Optimal Bike Pacing and Best Bike Split with Ryan Cooper | EP#131
Ryan Cooper, founder of Best Bike Split, chief scientist at Training Peaks and a world-leading expert on the physics of cycling joins us to teach optimal bike pacing in your triathlon bike leg.
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In this Episode you'll learn about:
- General and specific pacing advice for half and full distance triathlons.
- Pacing for draft legal racing - when is the right time to make a break?
- How should you adjust your power and effort for hills, headwinds and crosswinds?
- Aerodynamics vs. Power vs. Weight - how do they impact how fast we get around a bike course and which should be prioritise?
- How triathletes can use the Best Bike Split software to plan their ideal race in great detail.
About Ryan Cooper
- Ryan is the founder of Best Bike Split.
- He is the chief scientist at Training Peaks.
- Ryan is also a world leading expert on the physics of cycling, and how it translates into practical pacing advice.
About Best Bike Split
- Best Bike Split was originally conceived to help triathletes and time-triallists to plan and execute race strategy.
- We looked at a course, and the significant elevation or gradient changes, and direction changes.
- We then tried to see if we could incorporate information about the athlete, their bike and their aerodynamic profile together.
- We also try and include information about the wind and road conditions.
- Ultimately we try and plan a strategy for an athlete to get the biggest benefit for their power output.
- The idea was if you had a goal power, a goal time, we can show you how best to utilise your effort across the course.
- If you sign up and you have a race:
- We'd first walk you through setting up a profile.
- We ask for basic information such as height, weight, FTP, training altitude etc.
- We then drill into what kind of bike you have, the wheels, the tyres.
- This gives basic information about your drag.
- Then you can search for your course.
- We try and crowd source all the courses on the system.
- If yours doesn't exist, you can use a programme (e.g. Ride With GPS, Strava) to draw the course and upload it to the site.
- We'd first walk you through setting up a profile.
- Once we have that information, you can create a race plan:
- Select your bike, normalised power target or a goal time.
- If you use advanced metrics you can target a specific training stress score (TSS).
- From that we take in weather data, the course you selected and information about you to plan out your strategy.
- From there you can either download it onto a head unit to race with it, or pre-train on Zwift or Trainer Road using those power targets.
- We added TSS very early on because every Ironman or 70.3 course is very different.
- For example, Ironman Florida is very flat, so you may be able to break 5 hours on the bike.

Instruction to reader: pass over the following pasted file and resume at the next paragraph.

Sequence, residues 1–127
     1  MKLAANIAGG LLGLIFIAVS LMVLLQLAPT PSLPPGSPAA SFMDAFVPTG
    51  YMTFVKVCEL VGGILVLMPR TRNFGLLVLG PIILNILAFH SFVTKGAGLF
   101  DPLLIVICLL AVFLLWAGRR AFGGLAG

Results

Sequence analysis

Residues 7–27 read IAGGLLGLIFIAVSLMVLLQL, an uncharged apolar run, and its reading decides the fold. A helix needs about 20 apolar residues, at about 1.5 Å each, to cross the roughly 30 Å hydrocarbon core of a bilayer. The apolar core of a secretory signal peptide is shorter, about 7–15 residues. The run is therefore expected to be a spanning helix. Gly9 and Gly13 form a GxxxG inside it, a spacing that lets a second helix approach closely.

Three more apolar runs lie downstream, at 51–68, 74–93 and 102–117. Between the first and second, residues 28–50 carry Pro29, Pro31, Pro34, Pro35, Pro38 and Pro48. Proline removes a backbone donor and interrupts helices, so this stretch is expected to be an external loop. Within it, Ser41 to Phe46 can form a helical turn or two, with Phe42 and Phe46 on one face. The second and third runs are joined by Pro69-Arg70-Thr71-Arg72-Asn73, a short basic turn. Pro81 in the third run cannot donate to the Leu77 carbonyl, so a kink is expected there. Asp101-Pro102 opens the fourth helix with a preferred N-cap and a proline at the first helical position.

- However if you look at Ironman France or Wisconsin, they're hilly so trying to break five hours there may not be wise.
- You can normalise the difficulty of the courses by using TSS as a target.
- You can explain to the athlete that while you may be able to do a 5 hour here, it might be better to do a 5:20 or 5:30 at another course for the same physiological impact.
- The plans are very detailed and specific, suggesting power for each part of the course etc.
Pacing the bike leg
- For the majority of people, on the vast majority of courses, you want to shrink your variability index.
- Variability index (VI): the difference between normalised power and average power.
- This means more of a steady state pace.
- There is a general rule of thumb of aiming for a VI of 1.05 or less.
- This means your normalised power is 5% higher than your average power.
- There's still quite a bit of flexibility in 5%.
- On some courses you may go higher, particularly if there's climbing.
- If your gearing isn't correctly thought through you may have to go higher than that.
- For the most part, your pacing should fluctuate in that range.
- We let the math work itself out, where for the most part you'll still be in the same VI range.
- That's not to say you should ride the flats and the hills at the same power.
- You'll want to vary that, maybe push a little bit harder up the hills or into the headwind.
- That little extra effort will give you more time than a completely steady state.
- E.g. if you did 210 watts on the uphill and 190 watts on the downhill they'll be a benefit to that compared to 200 watts for both.
- We have what we call a "cheat sheet".
- We break it down segment by segment.
- However if you want something more generalised we can say for this athlete on a 1-2 grade hill, this is the kind of power you should aim for.
- The steeper the hill, the more power you're going to have to output just to stay upright on the bike.
- What we find regardless of whether it's an amateur or professional is that athletes tend to push too hard on hills.
- You look at somebody and they're going along at 22 mph/36 kmph.
- They hit a hill and start to slow, and then feel the need to keep the speed going to keep pushing a little harder.